- In the 1980's, the U.S. supported Islamic supremacist terrorists fighting against a Soviet-allied government in Afghanistan. Not only did the U.S. give them military aid, but the CIA, with help from USAID and the University of Nebraska, spent millions of dollars on violently militant textbooks for Afghan schoolchildren. That war became the Soviet Union’s “Vietnam” and spurred the collapse of the Soviet Union. Zbigniew Brzezinski later admitted that the U.S. helped “the worst crazies ... we can find,” and that these extreme Islamic supremacists also killed off many of the more moderate Muslim leaders.
- In the early 1980's, there was the Iran/Contra affair, in which the U.S. government secretly sent arms to the radical Shi’ite government in Iran. Incredibly, this occurred soon after the embassy hostage crisis, which ended with the U.S. government sending billions of dollars in ransom money to Iran.
- In Yugoslavia in the 1990's, the U.S. and NATO helped Islamic supremacist Bosnian leader Alija Izetbegovic, at the expense of the more moderate and more popular Bosnian Muslim leader Fikret Abdic. Islamic supremacist terrorist groups, including Al Qaeda, were active in the Balkan wars, with support from Western countries, helping to provoke the anti-Muslim panics and massacres that were the stated justification for U.S. bombing of Yugoslavia.
Even after 9/11/2001, U.S. foreign policy has still tended to favor Islamic supremacist regimes over more secular Muslim regimes. And the so-called “war on terror” has had the net effect of strengthening - not weakening - both Islamic supremacist terrorism and lawful Islamic supremacism overseas. For example:
- In Afghanistan, the new, U.S.-installed government was another Islamic supremacist government, though not quite as extreme as the Taliban. Osama bin Laden and much of Al Qaeda escaped into Pakistan and were not even pursued there (until recently), let alone caught.
- And then the U.S. invaded Iraq. Saddam Hussein, though a tyrant, was not an Islamic supremacist; he was a moderate Muslim who ran a relatively secular government. But now, thanks to the war, Iraq has become a stronghold of both Islamic supremacism and Islamic supremacist terrorism. There was no Al Qaeda in Iraq before the war, but there is now. And the new, U.S.-installed government in Iraq has an Islamic supremacist constitution.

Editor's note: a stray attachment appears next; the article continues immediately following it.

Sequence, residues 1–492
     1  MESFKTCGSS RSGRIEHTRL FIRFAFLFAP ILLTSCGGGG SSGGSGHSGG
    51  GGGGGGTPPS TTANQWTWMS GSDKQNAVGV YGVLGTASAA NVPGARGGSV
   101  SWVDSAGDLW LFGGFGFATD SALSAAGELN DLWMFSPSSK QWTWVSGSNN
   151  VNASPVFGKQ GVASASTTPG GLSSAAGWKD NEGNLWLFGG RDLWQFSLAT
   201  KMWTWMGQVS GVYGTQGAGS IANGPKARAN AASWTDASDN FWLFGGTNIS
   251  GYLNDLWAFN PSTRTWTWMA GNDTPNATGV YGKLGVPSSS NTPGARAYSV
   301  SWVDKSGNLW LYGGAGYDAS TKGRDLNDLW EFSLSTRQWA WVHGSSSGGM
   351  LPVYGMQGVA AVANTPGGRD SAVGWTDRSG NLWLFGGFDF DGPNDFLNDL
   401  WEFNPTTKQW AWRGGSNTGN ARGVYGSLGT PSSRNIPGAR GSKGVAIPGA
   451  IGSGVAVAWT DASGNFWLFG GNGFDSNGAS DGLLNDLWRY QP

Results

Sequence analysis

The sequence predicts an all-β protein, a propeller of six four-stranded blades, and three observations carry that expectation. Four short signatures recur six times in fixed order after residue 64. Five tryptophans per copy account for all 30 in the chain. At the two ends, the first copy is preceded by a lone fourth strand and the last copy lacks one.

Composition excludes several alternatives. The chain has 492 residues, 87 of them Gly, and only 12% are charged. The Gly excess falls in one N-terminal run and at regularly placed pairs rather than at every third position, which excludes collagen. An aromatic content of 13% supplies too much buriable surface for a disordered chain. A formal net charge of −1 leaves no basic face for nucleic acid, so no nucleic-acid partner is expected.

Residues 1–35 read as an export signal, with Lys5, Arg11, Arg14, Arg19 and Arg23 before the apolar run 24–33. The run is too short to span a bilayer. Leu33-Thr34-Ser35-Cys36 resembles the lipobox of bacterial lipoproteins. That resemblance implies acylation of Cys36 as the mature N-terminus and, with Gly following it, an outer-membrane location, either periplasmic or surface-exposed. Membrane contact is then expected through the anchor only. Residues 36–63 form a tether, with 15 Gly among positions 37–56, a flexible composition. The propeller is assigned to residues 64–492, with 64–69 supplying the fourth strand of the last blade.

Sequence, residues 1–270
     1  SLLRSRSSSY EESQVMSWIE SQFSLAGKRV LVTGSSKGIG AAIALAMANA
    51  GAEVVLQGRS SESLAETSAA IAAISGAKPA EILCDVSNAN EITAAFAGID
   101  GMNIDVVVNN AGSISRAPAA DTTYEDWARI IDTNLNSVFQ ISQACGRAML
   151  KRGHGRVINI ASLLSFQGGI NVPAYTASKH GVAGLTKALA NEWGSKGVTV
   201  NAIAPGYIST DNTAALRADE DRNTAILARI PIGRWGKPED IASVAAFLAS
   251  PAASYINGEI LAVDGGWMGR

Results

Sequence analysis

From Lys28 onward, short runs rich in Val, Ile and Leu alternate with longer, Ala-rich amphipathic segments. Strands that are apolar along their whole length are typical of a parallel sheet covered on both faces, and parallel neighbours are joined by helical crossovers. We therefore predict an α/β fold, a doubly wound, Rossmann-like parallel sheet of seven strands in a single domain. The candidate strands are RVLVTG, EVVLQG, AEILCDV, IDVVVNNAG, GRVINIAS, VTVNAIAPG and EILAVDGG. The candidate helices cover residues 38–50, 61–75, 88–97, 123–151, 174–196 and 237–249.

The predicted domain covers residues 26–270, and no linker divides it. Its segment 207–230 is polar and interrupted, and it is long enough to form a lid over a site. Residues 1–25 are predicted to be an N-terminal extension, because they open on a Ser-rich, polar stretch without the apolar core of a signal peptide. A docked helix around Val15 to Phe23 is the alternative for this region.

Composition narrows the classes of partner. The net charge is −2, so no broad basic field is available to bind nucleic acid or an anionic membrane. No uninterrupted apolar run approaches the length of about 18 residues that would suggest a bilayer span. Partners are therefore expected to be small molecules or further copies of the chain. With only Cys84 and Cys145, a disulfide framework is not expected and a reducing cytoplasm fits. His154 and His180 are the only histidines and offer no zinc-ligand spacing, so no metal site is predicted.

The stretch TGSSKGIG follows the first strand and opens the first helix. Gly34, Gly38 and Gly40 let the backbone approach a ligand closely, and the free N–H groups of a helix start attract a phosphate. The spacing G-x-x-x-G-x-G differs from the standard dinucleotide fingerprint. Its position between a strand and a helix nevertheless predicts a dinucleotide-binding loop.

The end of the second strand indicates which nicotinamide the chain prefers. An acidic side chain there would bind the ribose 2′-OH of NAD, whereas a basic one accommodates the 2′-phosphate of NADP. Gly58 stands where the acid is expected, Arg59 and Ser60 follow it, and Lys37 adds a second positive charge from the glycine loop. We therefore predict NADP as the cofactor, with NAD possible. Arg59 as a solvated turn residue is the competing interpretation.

- Most of the 9/11 hijackers came from Saudi Arabia, as does much of Al Qaeda’s funding. Also, both the Saudi government and individual Saudi billionaires still spend vast sums on teaching the most intolerant form of Islam (Salafi/Wahabi) worldwide. But Saudi Arabia is considered an ally, not an enemy, in the “war on terror.”
We are concerned about the possibility that, despite the alleged “war on terror,” the U.S. foreign policy establishment may still see Islamic supremacist terrorism as a useful weapon against Russia and China. There has been lots of terrorism in Russia, e.g. in Chechnya and Dagestan. And the U.S. foreign policy establishment seems to have both the goal of encircling Russia and a tendency to downplay that goal in public (e.g. the U.S. missiles in Poland, allegedly aimed at Iran).
To whatever extent a pro-Islamic-supremacist policy still exists, it is very harmful to all non-Muslims, and to women, and to gays. It is also very harmful to moderate Muslims, both by killing them directly and by sparking bigotry, on the part of non-Muslims, against all Muslims including moderates.
The threat of Islamic supremacist terrorism has been used as an excuse for war against Muslim countries (including relatively secular Muslim countries such as Saddam Hussein's Iraq). We, on the other hand, aim to oppose both Islamic supremacism and the wars by pointing to the history of U.S. support for Islamic supremacism. For more about this history, see the following collections of news stories on the History Commons site:
- US Intel Links to Islamic Militancy
- US Dominance
- Saudi Arabia
- Al-Qaeda in the Balkans
- Inquiry into the Decision to Invade Iraq
(The first three of the above pages are part of a much larger collection of news stories on Geopolitics and Islamic Militancy, which in turn is part of the Complete 9/11 Timeline on the History Commons site.)
Thus, the "war on terror" has been conducted in a very hypocritical manner, in addition to being, itself, a reign of terror against Muslims. We believe that both Islamic supremacism and terrorism should be opposed by means other than war, where possible.
[Last edited November 9, 2008.]